Merge queues: An intro for mobile engineers
As a mobile engineer, it’s quite possible you’ve never used, or even heard of, merge queues. This might be due in part to the fact that mobile teams traditionally move a bit slower than their web counterparts (merge queues are more often employed by teams who integrate code at breakneck pace), and because mobile teams tend to isolate production-ready code more protectively (merge queues are extra helpful for teams who are more trunk-based). But merge queues aren’t all that esoteric, even in the mobile context, and they can help solve problems that you and your mobile team might very well face.
In a sentence: combining the individual work of a big team of engineers into a single codebase is hard. And the difficulty lies deeper than your standard merge conflicts, which version control is reasonably good at dealing with. There’s a much more troublesome kind of conflict you run into when simultaneous changes are being made to multiple areas of code that depend on each other. Imagine you add a function call in some new code, and your teammate is busy refactoring that function at the same time, changing its signature or return values. Version control and even tests and checks in CI can’t help with this kind of conflict, but merge queues can. It’s something that smaller and slower-moving teams usually handle by hand but, like many other specialized tools, merge queues really come into their own for larger, fast-moving development teams.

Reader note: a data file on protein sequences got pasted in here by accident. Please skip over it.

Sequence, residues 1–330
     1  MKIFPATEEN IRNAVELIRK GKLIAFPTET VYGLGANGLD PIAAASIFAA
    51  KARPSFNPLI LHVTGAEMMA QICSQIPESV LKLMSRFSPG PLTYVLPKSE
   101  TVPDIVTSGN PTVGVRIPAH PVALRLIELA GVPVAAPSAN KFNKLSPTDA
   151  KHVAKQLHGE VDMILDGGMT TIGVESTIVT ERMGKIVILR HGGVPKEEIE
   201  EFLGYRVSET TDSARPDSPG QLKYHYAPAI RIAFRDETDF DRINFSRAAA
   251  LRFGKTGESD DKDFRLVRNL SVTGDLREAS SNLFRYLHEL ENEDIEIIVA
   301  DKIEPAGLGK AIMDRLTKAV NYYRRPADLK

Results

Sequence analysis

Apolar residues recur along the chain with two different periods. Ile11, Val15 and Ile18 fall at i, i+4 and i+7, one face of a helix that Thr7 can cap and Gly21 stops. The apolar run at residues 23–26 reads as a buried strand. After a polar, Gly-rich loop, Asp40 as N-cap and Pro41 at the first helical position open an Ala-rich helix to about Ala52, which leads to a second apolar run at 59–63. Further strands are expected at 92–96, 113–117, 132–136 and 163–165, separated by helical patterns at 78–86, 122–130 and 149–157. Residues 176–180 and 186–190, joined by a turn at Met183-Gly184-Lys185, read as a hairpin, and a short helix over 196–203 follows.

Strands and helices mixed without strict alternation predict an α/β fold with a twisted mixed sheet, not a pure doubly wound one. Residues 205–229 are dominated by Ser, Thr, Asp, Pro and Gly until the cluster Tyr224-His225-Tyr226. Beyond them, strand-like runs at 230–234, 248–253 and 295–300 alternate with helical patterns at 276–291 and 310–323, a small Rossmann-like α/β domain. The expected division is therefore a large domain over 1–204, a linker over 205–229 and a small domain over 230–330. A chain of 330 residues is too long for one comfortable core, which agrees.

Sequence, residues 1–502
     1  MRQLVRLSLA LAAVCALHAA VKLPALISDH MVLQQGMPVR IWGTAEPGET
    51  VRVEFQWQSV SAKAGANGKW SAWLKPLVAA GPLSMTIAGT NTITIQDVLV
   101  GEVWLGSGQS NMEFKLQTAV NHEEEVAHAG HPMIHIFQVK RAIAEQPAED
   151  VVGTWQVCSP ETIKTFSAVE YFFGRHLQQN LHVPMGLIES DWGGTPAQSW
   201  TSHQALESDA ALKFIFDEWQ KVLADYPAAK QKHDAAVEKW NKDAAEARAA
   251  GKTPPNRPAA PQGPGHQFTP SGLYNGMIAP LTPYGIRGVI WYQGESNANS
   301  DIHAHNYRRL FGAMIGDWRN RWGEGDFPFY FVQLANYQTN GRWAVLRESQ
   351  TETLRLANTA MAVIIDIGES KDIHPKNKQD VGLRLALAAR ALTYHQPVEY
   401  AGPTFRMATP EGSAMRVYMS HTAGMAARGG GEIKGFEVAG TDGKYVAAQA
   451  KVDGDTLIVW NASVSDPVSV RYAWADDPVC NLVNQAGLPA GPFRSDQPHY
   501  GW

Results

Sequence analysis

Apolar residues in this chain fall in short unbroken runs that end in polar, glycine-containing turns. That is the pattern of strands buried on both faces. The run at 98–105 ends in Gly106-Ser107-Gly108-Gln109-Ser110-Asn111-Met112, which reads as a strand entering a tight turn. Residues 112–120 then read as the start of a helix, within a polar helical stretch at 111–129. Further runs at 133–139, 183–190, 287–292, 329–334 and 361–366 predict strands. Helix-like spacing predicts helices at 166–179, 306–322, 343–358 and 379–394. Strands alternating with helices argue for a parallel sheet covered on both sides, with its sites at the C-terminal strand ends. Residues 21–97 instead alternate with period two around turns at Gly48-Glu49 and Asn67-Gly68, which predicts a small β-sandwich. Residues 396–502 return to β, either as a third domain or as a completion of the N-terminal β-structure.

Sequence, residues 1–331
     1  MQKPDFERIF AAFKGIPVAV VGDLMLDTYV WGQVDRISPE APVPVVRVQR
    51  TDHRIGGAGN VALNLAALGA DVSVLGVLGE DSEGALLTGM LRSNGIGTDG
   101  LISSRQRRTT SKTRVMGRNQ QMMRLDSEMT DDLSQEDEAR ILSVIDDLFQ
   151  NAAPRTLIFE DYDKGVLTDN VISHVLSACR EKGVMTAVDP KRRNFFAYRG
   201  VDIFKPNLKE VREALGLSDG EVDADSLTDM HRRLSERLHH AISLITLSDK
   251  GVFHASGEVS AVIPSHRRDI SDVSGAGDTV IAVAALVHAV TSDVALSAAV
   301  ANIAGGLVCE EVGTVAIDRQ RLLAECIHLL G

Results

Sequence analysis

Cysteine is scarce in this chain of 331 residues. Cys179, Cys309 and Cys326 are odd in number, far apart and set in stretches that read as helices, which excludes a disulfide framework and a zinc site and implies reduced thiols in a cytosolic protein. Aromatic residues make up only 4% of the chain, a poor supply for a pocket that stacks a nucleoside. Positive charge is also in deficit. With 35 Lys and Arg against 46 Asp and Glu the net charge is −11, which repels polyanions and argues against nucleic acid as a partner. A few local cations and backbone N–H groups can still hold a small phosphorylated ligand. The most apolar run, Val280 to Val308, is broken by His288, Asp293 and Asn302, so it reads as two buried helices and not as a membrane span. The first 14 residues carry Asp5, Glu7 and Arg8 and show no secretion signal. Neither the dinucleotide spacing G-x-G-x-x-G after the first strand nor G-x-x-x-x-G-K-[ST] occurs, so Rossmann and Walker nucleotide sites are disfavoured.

Whatever the case, as your mobile team grows and you explore ways to deploy more continuously, you might find that merge queues become more relevant. So, in this post we’ll help you prepare for that, with a comprehensive intro to merge queues.
To understand what merge queues are, we first need to understand the fundamental problem they solve. Let's imagine we're working on a project and are looking to merge two pull requests, from branches feature1 and feature2, into our main branch.
From a CI perspective, these three branches are all currently “green”, meaning that they each individually represent a fully working revision of this repo that passes all tests and checks. And, from a code perspective, feature1 and feature2 are both in a mergeable state relative to main.